"But like us, they also oppose the Communist regime and want to end one-party dictatorship, except that they do not like it when we say out loud 'Build a democratic China!'" he said.

The alliance has maintained five demands for Beijing: release democracy advocates, offer redress for the victims of the crackdown, seek accountability for those responsible, end one-party dictatorship, and build a democratic China.

China photographer unveils rare Tiananmen pictures on 30th anniv.

Tens of thousands of people gather annually at Hong Kong's Victoria Park on June 4 to commemorate the victims, because the territory, and nearby Macau, are the only places on Chinese soil that allow such memorials.

The former British colony also served as a pivotal base for what was known as "Operation Yellowbird," a rescue operation that helped some 500 Chinese dissidents flee abroad, including key student leaders Wu'er Kaixi and Chai Ling.

But Lee said Hong Kong in recent years has played along with the Chinese authorities' tightening grip on the territory, especially under the leadership of President Xi Jinping, who "differs from his predecessors who put Hong Kong on a loose leash. Xi wants to control everything."

The government proposed in March a law change that will allow fugitives to be transferred to places with which Hong Kong does not have an extradition treaty, including mainland China, and that has stoked fear among those who do not trust the Chinese judicial system.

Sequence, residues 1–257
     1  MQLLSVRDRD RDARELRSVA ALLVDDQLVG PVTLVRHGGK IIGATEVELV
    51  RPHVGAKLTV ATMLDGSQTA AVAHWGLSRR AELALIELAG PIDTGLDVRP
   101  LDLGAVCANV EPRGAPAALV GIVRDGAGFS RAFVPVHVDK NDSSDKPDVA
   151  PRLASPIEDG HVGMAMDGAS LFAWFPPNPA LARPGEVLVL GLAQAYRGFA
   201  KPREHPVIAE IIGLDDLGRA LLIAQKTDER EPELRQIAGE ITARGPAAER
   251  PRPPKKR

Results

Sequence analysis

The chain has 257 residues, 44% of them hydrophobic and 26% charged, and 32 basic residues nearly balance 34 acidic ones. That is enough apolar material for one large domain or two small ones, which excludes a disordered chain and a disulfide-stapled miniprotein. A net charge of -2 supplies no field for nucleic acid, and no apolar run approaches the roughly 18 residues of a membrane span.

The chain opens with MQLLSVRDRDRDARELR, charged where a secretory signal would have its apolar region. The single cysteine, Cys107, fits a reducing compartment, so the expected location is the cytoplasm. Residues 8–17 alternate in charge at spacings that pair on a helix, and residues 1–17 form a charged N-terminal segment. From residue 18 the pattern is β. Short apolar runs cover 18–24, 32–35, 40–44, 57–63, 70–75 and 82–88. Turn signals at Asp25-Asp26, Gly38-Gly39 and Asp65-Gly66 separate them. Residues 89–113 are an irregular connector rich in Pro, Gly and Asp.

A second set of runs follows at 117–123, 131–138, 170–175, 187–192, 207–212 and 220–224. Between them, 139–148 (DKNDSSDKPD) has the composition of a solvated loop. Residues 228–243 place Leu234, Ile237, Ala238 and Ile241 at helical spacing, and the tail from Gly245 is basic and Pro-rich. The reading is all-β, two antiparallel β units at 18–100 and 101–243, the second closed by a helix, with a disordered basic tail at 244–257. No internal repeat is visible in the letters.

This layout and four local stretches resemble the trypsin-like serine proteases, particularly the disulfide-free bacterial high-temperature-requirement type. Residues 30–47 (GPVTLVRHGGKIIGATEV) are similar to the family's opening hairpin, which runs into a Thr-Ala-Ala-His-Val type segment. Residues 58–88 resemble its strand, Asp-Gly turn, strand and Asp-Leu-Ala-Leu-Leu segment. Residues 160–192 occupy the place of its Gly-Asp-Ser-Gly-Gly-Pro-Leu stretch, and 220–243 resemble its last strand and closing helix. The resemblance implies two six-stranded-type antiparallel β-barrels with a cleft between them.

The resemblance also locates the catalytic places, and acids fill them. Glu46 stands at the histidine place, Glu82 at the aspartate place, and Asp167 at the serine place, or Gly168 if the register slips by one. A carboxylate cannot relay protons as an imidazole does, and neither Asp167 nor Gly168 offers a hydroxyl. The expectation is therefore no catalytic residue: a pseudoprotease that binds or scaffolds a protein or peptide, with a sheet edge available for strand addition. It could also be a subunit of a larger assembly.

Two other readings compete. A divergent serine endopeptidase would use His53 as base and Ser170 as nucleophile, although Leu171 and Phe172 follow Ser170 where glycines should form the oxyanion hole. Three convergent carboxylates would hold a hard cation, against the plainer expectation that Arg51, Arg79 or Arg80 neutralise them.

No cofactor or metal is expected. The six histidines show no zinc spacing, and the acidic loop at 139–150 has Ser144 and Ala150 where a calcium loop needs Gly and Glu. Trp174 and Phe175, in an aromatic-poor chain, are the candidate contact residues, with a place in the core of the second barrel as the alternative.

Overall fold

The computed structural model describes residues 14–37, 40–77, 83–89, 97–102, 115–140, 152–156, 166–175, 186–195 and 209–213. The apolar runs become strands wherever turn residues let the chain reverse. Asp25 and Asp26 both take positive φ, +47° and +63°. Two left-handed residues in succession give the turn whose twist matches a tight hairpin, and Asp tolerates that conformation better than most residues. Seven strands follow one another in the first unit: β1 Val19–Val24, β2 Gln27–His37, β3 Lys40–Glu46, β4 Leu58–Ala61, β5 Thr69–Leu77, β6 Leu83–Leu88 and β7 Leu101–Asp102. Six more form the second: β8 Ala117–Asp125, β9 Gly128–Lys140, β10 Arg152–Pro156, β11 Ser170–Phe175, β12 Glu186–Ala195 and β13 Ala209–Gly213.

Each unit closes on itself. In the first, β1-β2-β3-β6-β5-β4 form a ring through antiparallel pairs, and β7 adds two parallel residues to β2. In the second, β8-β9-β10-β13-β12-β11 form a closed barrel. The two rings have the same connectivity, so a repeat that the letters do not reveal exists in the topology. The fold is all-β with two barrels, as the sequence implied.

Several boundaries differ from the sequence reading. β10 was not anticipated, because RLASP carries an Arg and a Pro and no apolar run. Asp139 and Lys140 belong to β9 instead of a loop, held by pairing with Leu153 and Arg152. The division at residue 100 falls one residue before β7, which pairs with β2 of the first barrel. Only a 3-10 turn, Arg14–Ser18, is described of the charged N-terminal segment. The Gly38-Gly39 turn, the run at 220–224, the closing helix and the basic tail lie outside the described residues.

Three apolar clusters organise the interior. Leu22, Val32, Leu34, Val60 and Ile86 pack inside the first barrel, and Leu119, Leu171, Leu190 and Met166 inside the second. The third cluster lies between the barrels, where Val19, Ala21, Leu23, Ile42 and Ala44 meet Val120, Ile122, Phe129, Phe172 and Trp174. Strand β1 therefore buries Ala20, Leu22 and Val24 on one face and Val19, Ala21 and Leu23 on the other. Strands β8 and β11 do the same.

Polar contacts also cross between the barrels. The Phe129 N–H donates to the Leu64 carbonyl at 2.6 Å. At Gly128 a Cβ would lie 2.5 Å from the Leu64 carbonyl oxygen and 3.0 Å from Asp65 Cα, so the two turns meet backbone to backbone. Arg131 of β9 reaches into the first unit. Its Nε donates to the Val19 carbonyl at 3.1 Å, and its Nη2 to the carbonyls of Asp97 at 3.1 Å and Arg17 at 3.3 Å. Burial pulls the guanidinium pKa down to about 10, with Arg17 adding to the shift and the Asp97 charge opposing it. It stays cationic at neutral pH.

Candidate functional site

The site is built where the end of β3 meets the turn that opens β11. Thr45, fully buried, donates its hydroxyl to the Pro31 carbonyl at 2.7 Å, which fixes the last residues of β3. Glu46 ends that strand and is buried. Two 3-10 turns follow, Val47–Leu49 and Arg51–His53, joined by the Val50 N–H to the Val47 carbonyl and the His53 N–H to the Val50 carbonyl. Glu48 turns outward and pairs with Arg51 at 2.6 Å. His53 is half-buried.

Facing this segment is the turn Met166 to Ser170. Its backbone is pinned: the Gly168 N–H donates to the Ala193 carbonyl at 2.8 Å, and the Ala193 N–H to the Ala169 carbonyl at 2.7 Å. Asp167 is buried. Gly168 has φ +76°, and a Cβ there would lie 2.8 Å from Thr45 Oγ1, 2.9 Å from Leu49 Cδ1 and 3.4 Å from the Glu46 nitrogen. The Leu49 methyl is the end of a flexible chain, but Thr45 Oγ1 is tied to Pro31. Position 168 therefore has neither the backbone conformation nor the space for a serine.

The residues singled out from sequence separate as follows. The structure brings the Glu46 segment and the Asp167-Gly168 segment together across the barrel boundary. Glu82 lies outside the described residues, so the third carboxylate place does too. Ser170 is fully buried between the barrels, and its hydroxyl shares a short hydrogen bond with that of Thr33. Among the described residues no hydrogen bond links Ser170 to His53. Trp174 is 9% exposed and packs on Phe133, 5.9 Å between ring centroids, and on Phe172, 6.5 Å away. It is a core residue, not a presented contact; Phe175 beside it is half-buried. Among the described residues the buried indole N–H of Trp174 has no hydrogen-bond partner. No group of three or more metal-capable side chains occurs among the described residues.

(People holding candles take part in an event at Victoria Park in Hong Kong on June 4, 2018.)

Publication of a memoir about the rescue operation has had to be postponed since the author wanted to edit out some names mentioned in the book, Lee said, over worries that those people could be implicated once the amendment bill passes.

"Who knows when advocates for democracy could be targeted (by the extradition law)? The Chinese Communist Party is an expert at punishing people using laws, and Hong Kong is quickly learning to do the same," he said.

Student groups have started avoiding the annual memorial in recent years, accusing it of becoming a cliche, while some of them have shifted their focus toward Hong Kong's democratic development, rather than advocating for democracy in China.

"If people become apathetic, have no feeling towards right and wrong and become silent, then that will empower all evil forces to do whatever they like," said Albert Ho, chairman of the alliance. "We must fight the evil forces; it is so important to uphold human decency."

Tiananmen Mothers, a group of parents whose children were killed in the crackdown and who have through the years been demanding justice for their loved ones, were being tightly watched, according to U.S.-based media Radio Free Asia.

Zhang Xianling, one of some 200 members of the group, said in a clip on social media that they will continue to demand truth, compensation, and accountability from the government.

"Our movement is not defined by how pessimistic or optimistic we are. It's about shouldering a moral responsibility, and persevering despite the impossibility," Ho said.